For more than sixty five years we have been a democracy and we are even called the largest democracy in the world. Some call our democracy vibrant and some others brand it “raucous”. Whatever one might call it, it is universally accepted that it is indeed a democracy. We have all the elements of a democracy – a parliament, an independent judiciary, a government that acts in the name of a constitutional head and a press or, one might say, the media that claims to be free and independent.
Having all the trappings of a democracy the country should have ensured freedom of every kind to the citizens. But that is not so. The freedoms that one seeks in a democracy – those of speech and expression, thoughts and actions, that of movement within the country and so on – are, of late, being severely restricted. In fact, one tends to feel that our democracy is increasingly becoming restrictive on various counts.
Let us take the fourth pillar of democracy, for instance, the media. Only the other day the Chairperson of the Press Council of India (PCI) advised governments to shun the practice of “blackmailing” the media by stopping the flow of ads to them to counter criticism. Describing the practice as “undemocratic”, he threatened legal action if such practices were brought to his notice. This, however, has been the practice ever since our democratic framework came into existence. No wonder the media houses came in support of the chairman PCI. Ads largely sustain affordable dissemination of information. Governments and their agencies command enormous amounts of funds for advertisements and they have been using this clout with impunity to browbeat the media. Most fall in line but some, made of sterner stuff, choose to plough a lonely furrow at great personal cost. Unable to compete with media houses well-fed with ads of governments they either scrounge around or fold up. In the process, truth and objectivity become casualties, depriving the people at large accurate perspectives of all that happens around them.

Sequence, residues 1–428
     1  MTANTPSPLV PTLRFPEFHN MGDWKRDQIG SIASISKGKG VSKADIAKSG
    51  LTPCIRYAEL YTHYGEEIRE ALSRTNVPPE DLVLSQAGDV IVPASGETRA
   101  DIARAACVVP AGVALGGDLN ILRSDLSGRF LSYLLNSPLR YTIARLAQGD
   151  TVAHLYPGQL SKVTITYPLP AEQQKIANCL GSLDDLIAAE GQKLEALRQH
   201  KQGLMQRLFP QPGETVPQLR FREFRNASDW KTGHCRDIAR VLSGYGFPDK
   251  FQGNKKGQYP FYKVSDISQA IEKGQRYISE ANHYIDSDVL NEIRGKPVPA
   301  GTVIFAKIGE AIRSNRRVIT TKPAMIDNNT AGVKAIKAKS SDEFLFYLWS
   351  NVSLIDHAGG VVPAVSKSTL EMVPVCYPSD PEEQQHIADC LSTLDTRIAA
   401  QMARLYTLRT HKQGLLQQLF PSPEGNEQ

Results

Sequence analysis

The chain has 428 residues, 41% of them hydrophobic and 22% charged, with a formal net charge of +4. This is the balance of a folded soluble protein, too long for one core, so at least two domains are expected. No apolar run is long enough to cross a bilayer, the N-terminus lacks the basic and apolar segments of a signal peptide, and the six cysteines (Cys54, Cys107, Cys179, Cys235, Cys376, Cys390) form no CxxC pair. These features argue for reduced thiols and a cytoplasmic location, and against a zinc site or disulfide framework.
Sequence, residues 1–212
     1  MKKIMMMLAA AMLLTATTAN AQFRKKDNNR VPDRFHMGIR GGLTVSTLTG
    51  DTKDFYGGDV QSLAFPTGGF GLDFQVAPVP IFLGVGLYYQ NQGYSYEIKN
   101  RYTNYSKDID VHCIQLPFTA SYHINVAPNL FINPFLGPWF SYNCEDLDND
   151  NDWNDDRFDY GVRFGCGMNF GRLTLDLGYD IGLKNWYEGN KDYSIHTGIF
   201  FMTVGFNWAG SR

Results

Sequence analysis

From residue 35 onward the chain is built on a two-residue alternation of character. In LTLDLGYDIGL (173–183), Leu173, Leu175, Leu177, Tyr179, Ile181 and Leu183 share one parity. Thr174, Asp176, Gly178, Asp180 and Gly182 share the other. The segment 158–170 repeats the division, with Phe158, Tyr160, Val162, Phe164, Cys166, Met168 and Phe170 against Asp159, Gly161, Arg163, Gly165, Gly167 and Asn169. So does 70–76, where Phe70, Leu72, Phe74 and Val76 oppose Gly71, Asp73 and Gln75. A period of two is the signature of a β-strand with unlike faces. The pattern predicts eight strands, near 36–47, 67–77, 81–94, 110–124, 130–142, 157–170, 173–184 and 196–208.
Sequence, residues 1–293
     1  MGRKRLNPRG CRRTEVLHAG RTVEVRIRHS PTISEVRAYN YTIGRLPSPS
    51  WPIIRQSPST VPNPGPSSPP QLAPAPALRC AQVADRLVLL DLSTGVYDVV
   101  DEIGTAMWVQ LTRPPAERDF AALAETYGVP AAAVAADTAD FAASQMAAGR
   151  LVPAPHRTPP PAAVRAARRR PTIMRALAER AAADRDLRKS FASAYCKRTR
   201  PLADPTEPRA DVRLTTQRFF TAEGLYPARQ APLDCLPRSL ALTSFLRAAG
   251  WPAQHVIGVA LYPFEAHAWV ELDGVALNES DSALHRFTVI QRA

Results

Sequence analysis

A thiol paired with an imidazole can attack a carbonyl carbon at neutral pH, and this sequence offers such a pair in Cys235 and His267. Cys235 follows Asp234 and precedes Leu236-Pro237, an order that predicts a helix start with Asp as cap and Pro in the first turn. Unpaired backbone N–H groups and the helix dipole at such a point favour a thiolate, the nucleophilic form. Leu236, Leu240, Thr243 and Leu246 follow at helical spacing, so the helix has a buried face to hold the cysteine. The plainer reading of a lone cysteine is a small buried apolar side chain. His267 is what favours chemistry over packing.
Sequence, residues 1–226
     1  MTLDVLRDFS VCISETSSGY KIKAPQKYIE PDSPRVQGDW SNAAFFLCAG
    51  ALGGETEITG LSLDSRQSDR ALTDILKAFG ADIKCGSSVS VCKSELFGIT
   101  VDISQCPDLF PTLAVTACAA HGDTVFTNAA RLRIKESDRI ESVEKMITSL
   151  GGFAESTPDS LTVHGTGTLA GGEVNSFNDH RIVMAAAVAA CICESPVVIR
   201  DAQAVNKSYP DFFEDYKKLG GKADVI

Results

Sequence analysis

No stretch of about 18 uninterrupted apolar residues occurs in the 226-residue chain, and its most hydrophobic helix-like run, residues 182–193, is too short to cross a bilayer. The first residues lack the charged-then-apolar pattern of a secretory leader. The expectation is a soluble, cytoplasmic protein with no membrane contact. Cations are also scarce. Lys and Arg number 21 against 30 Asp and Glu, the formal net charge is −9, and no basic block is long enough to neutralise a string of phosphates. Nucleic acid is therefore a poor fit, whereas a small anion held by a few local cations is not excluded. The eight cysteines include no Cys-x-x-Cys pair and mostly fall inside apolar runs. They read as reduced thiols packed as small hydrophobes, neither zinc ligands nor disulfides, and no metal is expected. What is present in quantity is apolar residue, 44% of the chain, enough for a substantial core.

I, for one, can quite comprehend the way the governments gag people’s voices. About a decade ago a large number of columnists in Bhopal, including your reporter, used to write comments in the local papers on all that transpired or did not transpire in connection with the town’s civic amenities. The pieces were generally critical of the local government and its agencies. Nonetheless, the local readers and even the bureaucracy used to appreciate the comments. All the columnists, they said, acted as opinion makers. Soon, however, the dailies, including several national ones, stopped publishing what they called unsolicited articles. Even the “letters” column has been banished from the city supplements. One feels so helpless. One cannot air, forget about opinion, even one’s grievances. All are left wondering whether the press has been bought off.
Political corruption spawned by the country’s electoral system also contributes to curtailment of freedom. In the prevailing “first-past-the-post” system votes are purchased by or on behalf of the candidates. Political parties, therefore, collect huge amounts legally or illegally to further their chances of winning elections only by majority of votes polled. Those which capture power would seem to be hitting gold. In this era of coalition politics even a minor political ally can generate enormous amounts of funds through their respective representatives in the governments or in the legislatures. One cannot forget the candid statement given in one unguarded moment by DMK’s Andimuthu Raja of “2G Spectrum”-fame that he had a party to take care of, national interests seeming to be immaterial to him.
Every political party indulges in this practice, the Grand Old Party of India having become a past master in the game. The slush funds are used in electoral campaigns, to buy support or even legislators to enable capture of power or to cling on to it. Mindboggling illegal amounts are collected in dodgy ways only to enable further milking of the system and plunder of public resources depriving common man his freedoms of employment, education, health care and so on. In the midst of rising inequities politicians and industrialists are rapidly becoming billionaires in the country’s liberalised economy while the common man continues to languish in poverty, disease and squalor. The lure of power has converted our politicians into crooks. Not only there are riches that come within one’s grasp but also all that which power alone can secure – whether legal or illegal, ethical or unethical. Self-serving, as they are, they think only of furtherance of their own interests and those of their close relatives and friends. Emergence of dynastic politics is a direct consequence.